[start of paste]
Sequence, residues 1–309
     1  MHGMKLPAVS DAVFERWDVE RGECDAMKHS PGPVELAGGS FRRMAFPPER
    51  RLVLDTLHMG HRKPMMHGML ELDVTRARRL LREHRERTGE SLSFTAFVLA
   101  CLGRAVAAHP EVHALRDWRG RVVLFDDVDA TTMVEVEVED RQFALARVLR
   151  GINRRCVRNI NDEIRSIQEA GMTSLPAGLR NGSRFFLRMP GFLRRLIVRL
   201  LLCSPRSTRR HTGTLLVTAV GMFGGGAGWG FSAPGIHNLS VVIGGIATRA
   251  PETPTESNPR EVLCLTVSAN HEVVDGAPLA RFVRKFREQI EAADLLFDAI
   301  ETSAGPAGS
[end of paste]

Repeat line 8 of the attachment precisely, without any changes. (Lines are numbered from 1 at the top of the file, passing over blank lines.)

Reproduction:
   301  ETSAGPAGS